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Discussion Starter · #1 ·
We had a recent spate of warm weather and I didn't see any bees taking advantage of it to defecate. So I opened up the hives to take a peek. Of six hives entering winter, five remain (three Warre + two Langstroth).

Today, I performed an autopsy - and harvested the honey from - the deceased Warre. Full report at my blog.

Comments and insights requested and appreciated.

Also, any chance one of the "old hands" can put up a guide on how to perform a "proper" autopsy (what key items to look for to determine c.o.d., etc)? Plenty of good info on how to start and run a hive. Limited - at best! - info on what to do when you lose one.
 

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Reading your blog I think you already figured it out. The hive went queenless in the fall most likely before she could lay brood to get them through the winter and died out. The other possibility is that there was excessive moisture build-up and wet and cold equals dead bees. That is a lot of mold. Are you running a top entrance? Seems with that much mold that at some time there was heat in the hive (last of the cluster before they died out). Doesn't look like a starvation issue (no head in cluster of bees).
 

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Discussion Starter · #3 ·
Yes. I'm wondering if it wouldn't behoove new beekeepers to have a resource of autopsy photos as training aides. I had to learn in the field, as I'm sure most do. So far, all my historical dead outs have been non-disease and non-parasite related, but it would be nice to able to have a nice photo reference with tell-tales for when I do.
 

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Discussion Starter · #4 ·
Alpha6, no I don't run a top entrance. This is also the only hive that appears to have moisture problems. The surviving hives looked pretty dry. Though, I didn't open more than the top to check that they were alive, I didn't see any evidence of excess moisture anywhere but in this deceased hive.

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This was pointed out in another forum, but for those who look at the autopsy photos on my blog and in my Picasa album, how many different types of mould can you spot?

Also, is that the infamous black mould that health departments warn us about (most clearly evident on edges of combs 7-8-9 in box 1 as seen from below)?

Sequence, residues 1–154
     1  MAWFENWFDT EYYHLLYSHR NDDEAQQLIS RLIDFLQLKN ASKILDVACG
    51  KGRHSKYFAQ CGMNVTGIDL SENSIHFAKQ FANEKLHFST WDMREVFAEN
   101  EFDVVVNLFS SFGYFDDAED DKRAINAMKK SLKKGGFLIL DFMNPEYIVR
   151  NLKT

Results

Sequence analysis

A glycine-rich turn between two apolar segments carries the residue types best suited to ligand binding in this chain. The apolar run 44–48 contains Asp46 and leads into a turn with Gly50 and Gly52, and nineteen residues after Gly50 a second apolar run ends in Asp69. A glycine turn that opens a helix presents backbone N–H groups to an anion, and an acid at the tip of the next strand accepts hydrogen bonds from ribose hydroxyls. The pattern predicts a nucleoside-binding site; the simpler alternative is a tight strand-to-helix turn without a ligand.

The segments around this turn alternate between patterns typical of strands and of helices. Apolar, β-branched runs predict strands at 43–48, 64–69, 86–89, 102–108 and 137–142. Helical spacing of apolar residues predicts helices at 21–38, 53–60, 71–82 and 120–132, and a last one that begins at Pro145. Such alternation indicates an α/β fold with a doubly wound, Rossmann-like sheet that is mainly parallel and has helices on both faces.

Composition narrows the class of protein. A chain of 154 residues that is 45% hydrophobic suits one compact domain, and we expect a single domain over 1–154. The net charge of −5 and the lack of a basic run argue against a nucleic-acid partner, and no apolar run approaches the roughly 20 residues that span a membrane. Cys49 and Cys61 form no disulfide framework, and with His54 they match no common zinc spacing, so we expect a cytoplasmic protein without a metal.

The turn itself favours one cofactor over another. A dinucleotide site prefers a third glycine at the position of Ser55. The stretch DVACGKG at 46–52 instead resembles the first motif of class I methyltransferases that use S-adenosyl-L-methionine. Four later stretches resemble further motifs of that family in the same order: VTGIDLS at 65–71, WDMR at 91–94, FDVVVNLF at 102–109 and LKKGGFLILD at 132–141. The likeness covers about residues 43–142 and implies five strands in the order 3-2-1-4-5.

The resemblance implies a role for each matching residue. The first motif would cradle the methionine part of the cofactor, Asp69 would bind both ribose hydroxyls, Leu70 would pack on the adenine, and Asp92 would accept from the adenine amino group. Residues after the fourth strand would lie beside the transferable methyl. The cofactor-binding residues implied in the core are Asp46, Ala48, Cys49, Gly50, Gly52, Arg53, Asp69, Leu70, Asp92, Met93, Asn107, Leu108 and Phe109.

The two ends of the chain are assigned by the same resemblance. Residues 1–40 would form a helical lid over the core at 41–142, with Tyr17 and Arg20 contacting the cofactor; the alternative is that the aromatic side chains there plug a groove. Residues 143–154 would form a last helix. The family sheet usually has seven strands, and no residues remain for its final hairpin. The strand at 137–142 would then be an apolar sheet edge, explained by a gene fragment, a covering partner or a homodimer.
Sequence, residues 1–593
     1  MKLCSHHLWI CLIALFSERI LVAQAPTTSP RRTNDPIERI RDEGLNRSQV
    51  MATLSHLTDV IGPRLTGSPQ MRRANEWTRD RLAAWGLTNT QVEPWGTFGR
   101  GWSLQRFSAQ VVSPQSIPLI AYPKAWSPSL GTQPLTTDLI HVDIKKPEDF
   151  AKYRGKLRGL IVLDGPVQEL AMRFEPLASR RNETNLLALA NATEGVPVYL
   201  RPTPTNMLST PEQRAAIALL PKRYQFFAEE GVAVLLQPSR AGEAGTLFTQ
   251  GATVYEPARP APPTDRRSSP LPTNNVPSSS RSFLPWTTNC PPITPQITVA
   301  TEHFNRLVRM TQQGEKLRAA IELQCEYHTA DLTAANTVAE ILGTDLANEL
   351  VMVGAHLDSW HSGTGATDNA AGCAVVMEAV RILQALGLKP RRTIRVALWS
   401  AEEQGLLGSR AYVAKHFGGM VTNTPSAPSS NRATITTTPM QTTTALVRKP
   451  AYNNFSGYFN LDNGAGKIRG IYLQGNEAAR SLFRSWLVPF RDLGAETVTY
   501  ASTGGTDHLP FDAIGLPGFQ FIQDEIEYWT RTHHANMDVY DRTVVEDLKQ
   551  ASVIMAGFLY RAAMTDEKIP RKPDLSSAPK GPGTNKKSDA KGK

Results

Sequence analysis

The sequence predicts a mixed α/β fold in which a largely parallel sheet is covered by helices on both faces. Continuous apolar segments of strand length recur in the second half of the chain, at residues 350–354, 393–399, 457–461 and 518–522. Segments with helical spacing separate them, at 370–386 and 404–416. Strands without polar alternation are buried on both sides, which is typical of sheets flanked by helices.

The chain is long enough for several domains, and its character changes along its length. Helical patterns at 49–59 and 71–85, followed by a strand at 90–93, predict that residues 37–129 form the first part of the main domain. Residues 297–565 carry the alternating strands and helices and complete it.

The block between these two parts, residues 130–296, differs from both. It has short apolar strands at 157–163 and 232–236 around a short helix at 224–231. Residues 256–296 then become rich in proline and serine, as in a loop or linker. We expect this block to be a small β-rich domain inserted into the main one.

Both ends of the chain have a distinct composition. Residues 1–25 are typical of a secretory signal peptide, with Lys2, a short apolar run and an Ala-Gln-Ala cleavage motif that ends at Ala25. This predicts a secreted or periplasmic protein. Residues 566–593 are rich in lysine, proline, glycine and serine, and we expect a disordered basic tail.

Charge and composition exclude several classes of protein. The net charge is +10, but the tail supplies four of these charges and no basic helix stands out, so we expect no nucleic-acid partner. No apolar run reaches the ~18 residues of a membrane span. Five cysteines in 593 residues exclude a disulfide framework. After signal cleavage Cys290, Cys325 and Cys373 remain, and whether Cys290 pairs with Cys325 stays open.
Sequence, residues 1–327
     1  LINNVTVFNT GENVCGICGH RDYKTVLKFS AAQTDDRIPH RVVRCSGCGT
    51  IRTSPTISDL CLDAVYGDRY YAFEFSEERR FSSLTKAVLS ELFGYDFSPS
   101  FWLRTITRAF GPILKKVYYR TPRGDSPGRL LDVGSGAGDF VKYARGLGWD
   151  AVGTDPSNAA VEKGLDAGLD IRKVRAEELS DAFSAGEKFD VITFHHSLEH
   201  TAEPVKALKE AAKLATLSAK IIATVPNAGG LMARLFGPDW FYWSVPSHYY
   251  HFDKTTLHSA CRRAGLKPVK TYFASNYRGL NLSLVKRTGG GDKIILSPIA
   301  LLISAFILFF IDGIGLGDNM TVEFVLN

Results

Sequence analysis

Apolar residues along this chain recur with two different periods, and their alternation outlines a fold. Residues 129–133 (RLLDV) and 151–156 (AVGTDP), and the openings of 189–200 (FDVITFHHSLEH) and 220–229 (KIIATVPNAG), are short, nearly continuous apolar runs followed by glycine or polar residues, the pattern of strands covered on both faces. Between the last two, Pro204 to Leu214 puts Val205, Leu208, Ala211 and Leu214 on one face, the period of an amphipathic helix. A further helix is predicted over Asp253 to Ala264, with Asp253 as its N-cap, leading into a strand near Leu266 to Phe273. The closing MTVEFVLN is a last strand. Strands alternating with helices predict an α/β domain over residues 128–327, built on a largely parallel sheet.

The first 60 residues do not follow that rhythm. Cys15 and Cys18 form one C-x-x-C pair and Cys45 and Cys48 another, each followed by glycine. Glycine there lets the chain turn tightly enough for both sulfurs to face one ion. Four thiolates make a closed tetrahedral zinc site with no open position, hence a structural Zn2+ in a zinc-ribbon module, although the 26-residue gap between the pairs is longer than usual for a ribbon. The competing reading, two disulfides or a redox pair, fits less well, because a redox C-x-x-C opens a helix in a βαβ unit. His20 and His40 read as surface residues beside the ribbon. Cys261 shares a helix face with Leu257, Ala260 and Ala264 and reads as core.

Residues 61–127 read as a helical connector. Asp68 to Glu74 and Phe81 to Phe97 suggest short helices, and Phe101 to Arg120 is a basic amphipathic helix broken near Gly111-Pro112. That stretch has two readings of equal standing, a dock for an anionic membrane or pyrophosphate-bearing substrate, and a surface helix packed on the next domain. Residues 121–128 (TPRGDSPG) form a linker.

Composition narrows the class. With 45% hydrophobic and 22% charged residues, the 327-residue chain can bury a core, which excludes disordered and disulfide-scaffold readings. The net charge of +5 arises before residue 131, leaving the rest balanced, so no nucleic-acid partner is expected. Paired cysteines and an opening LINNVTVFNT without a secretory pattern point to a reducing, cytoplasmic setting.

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you need to control that comb too. thats out of control, you have frames close togather, others it looks like a 1/4 to 1/2 inch spacing. How can you do a proper hive inspection with comb that out of control? Is that a langstroth? or some crazy hive Idea?
Some things I would always check for besides starved out and dampness, is there signs of Mite problems? both types of mites did your bees Have nosema ceranae{N. Ceranae} that will wipe out a hive in days. these are all things a beek needs to look for and not just look in say oh starved or moisture problems look for other things too.

And after looking at your photos they had lots of capped honey, so starvation is not a problem. But looking at how your spacing is it almost looks like your cluster could not move as freely as needed and move air through the hive as they needed to.
 

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Discussion Starter · #6 ·
you need to control that comb too. thats out of control, you have frames close togather, others it looks like a 1/4 to 1/2 inch spacing. How can you do a proper hive inspection with comb that out of control?
Control the comb??? Seriously? You don't trust your bees to build their comb in a manner in which they are able to control the hive atmosphere without predator (beekeeper) interference (assistance)? Top bars, or frames, exist to be an anchor for the combs. Even in "properly spaced" framed hives, with or without foundation, the bees will build burr- and cross-combs. Why fight it?

"Proper" inspection? What's that? If the colony is alive, they clearly don't need me digging my hands inside their home and rearranging things. Active-season inspections consist of the following: 1- are there bees coming and going from the entrance?; 2- is there any fighting or other frantic behavior at the entrance?; 3- are bees bringing in pollen?; 4- if answers are yes-no-yes, walk to the next hive, else investigate further.

Some things I would always check for besides starved out and dampness, is there signs of Mite problems? both types of mites did your bees Have nosema ceranae{N. Ceranae} that will wipe out a hive in days. these are all things a beek needs to look for and not just look in say oh starved or moisture problems look for other things too.
Who says I didn't look for other possible causes of death? It just happens that the mostly likely cause was late-season queen loss. Evidence for which abounds while evidence for mites, nosema, foulbrood, etc is completely absent. Moisture? The hive probably had no moisture problems while it had sufficient population to manage the internal atmosphere. The neighboring hives certainly do not have moisture problems (and are equally cross-combed).